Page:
Chosen to Proclaim

9But you are a chosen race, and kingdom of priests, a holy nation, God’s possession, so that you may proclaim the redemptive deeds of the one who called you out of darkness into his wonderful light. — 1 Peter 2:9

We all like the idea of being chosen. When we’re younger and we’re in school it felt good to be chosen early for the team. The fact that you were wanted made you feel warm inside. I was not chosen for the team all that often, but I was often chosen for study groups, or to help out. It doesn’t matter what you’re chosen for; it feels good!

Oddly enough, as Christians, we like the idea of being chosen, but we’re not always so concerned about what we’re chosen for. Being chosen generally has a reason. Even when one is chosen for an award, it’s usually so that one can be used as an example of some sort of good activity so that others will be encouraged to do the same thing.

But as Christians we often feel that we are chosen to just be somebody special. Now I’m not scoffing at the fact that God loves each person. You are, in fact, special. God loves you. But God loves you too much to let you sit around and feel special. God has a greater plan for you than that!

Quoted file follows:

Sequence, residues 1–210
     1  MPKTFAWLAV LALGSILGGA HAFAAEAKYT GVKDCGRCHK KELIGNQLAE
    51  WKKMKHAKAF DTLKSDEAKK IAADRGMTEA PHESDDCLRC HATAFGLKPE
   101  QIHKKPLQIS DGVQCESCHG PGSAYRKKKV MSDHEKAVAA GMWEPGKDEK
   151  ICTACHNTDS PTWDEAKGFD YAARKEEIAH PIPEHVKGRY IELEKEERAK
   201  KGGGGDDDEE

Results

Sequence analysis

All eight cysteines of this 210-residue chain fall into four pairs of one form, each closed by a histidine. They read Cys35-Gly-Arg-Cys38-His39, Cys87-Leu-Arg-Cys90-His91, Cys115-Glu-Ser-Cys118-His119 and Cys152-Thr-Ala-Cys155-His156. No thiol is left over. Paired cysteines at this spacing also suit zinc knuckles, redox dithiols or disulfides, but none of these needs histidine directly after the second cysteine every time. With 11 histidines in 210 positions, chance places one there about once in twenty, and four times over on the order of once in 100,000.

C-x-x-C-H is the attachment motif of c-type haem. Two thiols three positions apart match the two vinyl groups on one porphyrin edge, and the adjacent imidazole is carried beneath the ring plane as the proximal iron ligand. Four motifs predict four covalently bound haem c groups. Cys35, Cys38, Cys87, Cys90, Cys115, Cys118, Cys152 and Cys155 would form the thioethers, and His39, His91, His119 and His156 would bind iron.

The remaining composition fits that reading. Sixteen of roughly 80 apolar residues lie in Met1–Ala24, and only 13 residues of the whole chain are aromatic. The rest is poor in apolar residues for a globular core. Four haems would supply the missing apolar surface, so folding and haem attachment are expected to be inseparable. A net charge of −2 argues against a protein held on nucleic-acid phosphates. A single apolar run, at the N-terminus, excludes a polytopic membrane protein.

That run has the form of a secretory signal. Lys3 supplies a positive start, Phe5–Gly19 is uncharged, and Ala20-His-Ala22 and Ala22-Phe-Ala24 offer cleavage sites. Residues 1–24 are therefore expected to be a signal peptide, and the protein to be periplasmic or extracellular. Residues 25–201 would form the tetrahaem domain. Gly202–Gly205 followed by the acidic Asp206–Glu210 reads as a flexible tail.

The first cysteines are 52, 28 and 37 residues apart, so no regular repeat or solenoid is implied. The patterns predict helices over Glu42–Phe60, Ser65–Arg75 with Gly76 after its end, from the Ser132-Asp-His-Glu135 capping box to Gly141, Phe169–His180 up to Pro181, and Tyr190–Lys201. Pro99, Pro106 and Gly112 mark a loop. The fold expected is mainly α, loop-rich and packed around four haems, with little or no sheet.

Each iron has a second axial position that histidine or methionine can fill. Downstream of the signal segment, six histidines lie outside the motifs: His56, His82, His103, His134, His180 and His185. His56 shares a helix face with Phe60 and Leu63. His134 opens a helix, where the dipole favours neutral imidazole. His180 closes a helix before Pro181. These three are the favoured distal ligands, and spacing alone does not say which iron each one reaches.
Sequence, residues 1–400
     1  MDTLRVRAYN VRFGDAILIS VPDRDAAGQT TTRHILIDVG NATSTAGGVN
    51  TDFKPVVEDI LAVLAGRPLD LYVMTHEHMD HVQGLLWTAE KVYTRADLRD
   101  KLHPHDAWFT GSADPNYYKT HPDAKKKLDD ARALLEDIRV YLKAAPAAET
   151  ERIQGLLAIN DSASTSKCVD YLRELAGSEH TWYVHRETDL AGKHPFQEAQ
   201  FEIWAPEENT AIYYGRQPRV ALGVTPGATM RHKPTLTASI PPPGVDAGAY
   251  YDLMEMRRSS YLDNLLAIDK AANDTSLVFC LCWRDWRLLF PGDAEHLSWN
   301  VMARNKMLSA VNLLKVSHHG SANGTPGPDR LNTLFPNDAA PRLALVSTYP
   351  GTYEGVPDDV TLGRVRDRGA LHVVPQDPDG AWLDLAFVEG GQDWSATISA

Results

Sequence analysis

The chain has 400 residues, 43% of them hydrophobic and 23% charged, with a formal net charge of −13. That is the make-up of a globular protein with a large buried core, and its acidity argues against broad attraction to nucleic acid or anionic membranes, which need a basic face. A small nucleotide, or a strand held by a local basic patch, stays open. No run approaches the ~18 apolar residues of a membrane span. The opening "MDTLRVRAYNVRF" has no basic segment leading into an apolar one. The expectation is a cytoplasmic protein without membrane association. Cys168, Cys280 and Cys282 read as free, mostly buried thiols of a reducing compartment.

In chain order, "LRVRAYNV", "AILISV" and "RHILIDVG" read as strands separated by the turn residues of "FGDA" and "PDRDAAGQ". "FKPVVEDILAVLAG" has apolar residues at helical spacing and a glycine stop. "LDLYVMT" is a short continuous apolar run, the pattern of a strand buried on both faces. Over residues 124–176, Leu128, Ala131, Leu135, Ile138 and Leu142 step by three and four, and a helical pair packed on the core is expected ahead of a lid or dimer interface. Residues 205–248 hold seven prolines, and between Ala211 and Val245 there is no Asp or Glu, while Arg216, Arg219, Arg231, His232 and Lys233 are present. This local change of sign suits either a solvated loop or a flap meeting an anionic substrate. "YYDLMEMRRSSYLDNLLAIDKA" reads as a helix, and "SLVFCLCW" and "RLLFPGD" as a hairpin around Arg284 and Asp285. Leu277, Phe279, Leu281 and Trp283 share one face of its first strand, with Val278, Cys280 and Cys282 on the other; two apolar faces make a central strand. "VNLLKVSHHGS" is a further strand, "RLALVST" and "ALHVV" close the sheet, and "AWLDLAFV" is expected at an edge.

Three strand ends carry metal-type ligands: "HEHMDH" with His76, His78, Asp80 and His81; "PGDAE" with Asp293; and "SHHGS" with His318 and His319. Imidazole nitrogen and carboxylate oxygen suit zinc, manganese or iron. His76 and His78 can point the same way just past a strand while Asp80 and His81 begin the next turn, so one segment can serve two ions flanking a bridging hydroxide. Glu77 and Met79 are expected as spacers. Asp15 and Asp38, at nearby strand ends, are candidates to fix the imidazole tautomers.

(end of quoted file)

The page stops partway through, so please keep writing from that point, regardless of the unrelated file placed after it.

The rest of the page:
And here it is. God wanted a nation of priests. He said so in Exodus 19:6. He wanted to be in contact with all his people so that they would, in turn, introduce him to the world. Here Peter is saying that God has at last chosen some people to do precisely that.

We get into all kinds of tangles over whether God “unchose” the Jewish people at this point. But that type of thinking reflects the idea that being chosen has to do with sitting around and being special. When 11 people are chosen for a baseball team, they will all end up playing. It’s not a matter of one superseding the other. Rather, it’s a matter of everyone having something to do. Some will even do the same thing, but at a different time and place.

So as Christians we can be chosen as a holy nation without eliminating someone else. In fact, this very passage was first addressed to Jewish believers, though I think it clearly applies to more.

But the most important thing is to notice the task to which we are called—proclamation. That’s where we get uncomfortable. We want to feel special, but we don’t want to have to talk about it. We don’t want to proclaim.

Now don’t imagine that “proclaiming” means that you have to be a preacher. Simply offering to pray for someone is carrying out this mission. Encouraging someone, telling them that Jesus loves them, and being Jesus for them by helping them—all these things proclaim the message.

Feel special today—feel that special mission—and proclaim Jesus, crucified, but living in your heart.

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